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Kona 2018- Ironman World Championship Race Week

A week in Kailua-Kona, experiencing what this famous race is all about, the Ironman World Championship. The island vibe, plenty of K’s covered and a sort of holiday/ training camp with none of the pressure of actually racing.

The depart out of Brisbane did not get off to a good start with a 5hr delay due to mechanical issues before taking off, resulting in a missed connecting flight, more hours waiting in line at Honolulu Airport and another missed flight before finally getting away and arriving a lot later than scheduled.

Waking up Sunday morning looking out from the balcony saw a fun run taking place down Alii Dr which was not the only time there would be runners along this stretch with a steady stream all week, at all times of day and night, only subsiding closer to race day. A short drive, run, ride or walk along this stretch of road lead to plenty of beautiful coastline and beaches.

The town itself was always busy to varying degrees, plenty of people in bars, cafes and restaurants. The mix of Polynesian culture, American influence and a couple of thousand triathletes, supporters and media made for an interesting mix. A quick look around town would see some of the fittest people you would come across anywhere in the world. The expo provided a look at some of the newest gear and equipment including bikes, shoes, clothing, sunnies and the odd free sample along the way.,,

The first couple of rides out on the famous Queen K highway to spin the legs and a look through the barren lava fields along the long, straight and lonely road only to be broken up by a highway patrol officer ready to issue a ‘citation’ for riding 2-wide on the shoulder. After an honest discussion we were free to go pleading ignorance and assurance that it is actually legal to ride 2-wide on the roads at home!

Testing out the swim course of an afternoon, the water was crystal clear with a few turtles, fish, clear reef views and plenty of bait fish. The water was warm an super salty leading to fast swim times come race day.

A few more K’s covered on the Queen K each day offered light winds and moderate temperatures with hundreds of athletes out training and sharpening up for the big day, including some of the most famous names in the sport past and present riding and running.


Friday was the day to test the legs and ride the full bike course, leaving as the sun rose to try to beat the heat. Fortunately it was overcast all day with very light winds, almost unheard of for the Big Island. The first 60-odd Km to Kawaihae along the Queen K, was long, straight and quite monotonous, forced to ride single file of course with some long undulations closer to Waikoloa. The first major change in terrain came at the turn off the highway into Kawaihae and starting the next 30k to Hawi, a kind of false flat for the first half followed by a slight rise into town and the turn around point. Beautiful expansive views of the ocean and coastline provided some distraction from the slight gain in elevation. After turning around and coming back downhill with a slight cross-tailwind allowed for smooth riding back to Kawaihae for a quick stop and re-fuel before getting back on the Queen K for the trip back to Kona. 180k in great conditions could only give a small indication of what this course could be like on race day.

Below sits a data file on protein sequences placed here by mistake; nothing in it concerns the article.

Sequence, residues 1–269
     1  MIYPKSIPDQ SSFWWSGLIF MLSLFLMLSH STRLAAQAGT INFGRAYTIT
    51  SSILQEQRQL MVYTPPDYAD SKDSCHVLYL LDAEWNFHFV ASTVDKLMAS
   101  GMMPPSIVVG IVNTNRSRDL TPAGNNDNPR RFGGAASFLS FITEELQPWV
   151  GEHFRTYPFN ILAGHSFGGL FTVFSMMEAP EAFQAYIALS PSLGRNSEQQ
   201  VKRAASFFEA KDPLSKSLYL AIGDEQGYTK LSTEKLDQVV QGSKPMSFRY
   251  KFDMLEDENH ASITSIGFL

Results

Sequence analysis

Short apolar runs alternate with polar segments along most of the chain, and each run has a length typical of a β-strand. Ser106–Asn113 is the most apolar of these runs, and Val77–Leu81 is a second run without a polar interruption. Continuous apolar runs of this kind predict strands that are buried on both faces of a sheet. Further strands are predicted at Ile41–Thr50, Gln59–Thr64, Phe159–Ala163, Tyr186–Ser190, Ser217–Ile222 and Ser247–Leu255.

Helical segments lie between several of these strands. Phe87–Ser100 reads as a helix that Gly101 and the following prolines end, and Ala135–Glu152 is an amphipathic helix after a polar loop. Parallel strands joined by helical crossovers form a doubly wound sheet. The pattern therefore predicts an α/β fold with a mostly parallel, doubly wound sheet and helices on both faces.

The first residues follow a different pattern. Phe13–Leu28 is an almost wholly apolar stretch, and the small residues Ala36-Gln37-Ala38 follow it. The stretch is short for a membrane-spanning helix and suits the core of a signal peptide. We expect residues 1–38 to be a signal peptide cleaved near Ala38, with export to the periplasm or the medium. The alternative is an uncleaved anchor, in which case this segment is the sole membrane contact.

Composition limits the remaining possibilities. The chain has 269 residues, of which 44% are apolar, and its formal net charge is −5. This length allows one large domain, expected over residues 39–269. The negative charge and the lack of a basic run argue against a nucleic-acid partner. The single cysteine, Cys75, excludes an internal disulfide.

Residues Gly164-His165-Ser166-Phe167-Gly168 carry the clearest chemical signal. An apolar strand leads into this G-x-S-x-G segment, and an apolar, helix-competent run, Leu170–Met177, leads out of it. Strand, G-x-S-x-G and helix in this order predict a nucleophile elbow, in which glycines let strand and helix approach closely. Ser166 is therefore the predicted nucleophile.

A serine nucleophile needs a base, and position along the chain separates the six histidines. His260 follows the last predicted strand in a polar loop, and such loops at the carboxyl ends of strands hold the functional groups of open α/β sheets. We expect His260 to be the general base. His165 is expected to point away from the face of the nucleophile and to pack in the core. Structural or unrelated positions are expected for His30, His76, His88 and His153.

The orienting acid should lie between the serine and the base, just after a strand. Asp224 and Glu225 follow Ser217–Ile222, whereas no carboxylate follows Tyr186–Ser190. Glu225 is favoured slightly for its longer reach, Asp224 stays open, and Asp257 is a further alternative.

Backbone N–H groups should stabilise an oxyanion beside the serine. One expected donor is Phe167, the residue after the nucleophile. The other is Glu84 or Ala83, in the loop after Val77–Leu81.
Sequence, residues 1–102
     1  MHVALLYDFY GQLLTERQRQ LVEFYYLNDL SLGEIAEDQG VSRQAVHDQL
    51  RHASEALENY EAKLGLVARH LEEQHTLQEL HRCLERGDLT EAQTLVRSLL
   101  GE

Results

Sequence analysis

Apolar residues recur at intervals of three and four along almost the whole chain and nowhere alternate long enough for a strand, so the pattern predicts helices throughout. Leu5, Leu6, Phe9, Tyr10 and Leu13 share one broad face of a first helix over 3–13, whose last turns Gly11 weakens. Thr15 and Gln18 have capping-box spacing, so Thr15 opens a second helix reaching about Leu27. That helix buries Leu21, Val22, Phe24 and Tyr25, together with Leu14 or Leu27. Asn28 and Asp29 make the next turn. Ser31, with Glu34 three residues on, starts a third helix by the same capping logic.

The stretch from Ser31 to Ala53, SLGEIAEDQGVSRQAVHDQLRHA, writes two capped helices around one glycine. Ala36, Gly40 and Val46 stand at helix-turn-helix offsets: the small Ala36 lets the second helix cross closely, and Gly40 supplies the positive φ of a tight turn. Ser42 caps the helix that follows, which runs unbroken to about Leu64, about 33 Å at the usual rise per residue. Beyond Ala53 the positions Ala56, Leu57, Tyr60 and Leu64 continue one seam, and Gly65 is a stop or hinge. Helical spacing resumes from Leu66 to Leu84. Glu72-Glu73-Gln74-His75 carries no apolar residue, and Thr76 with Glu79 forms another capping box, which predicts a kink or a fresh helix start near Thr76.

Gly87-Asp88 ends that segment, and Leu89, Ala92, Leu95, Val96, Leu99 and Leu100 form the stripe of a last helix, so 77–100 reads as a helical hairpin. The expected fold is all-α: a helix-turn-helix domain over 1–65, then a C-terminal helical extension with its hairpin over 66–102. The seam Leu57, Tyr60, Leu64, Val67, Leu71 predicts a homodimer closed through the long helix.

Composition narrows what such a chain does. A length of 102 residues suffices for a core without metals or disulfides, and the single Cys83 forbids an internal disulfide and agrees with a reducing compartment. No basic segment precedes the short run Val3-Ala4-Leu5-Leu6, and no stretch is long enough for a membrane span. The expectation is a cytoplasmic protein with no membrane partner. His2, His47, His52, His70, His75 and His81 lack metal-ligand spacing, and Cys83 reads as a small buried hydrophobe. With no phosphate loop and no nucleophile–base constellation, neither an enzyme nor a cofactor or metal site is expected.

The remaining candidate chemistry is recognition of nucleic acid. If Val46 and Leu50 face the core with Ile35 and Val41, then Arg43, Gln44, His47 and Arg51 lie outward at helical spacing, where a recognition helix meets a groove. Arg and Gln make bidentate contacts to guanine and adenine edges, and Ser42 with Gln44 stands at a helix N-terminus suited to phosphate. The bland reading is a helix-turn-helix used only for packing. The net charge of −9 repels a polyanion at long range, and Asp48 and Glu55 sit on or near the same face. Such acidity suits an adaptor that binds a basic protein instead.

Heading down to Kailua Bay race morning there were thousands of spectators lining the shores to watch the swim start as the athletes waited to get underway. Again conditions were as good as can be, and continued most of the day which saw fast times from both male and female Pro’s and age groupers. After the famous cannon signalling the swim start, a short walk up the hill to Palani Road to watch the initial more technical section of the bike around town before jumping into the secret service-esque SUV for a quick trip around to the Waikoloa intersection to watch the leaders pass, followed by a huge pack of male age groupers. Coming back towards Kona the leaders were flying and on track for a new bike course record times by T2. Following the run by bike along Alii Dr, up Palani hill again and back onto the Queen K to the infamous Energy Lab, getting up-close views of some of the best runners in the sport, smooth and efficient, with others not so much, digging in, just hanging on and feeling the pain of the marathon!

Overall there were course records all-round but as the sun set and well past dinner time several athletes continued to make their way to the finish line completing one big day on the Big Island.

Overall winner and new course record holder Patrick Lange.

Fortunately the flight home went smoothly, no delays and a whole heap of sympathy for the guy seated beside me, straight on the plane for a 10hr flight home the day after racing an Ironman!

Aaron Ashdown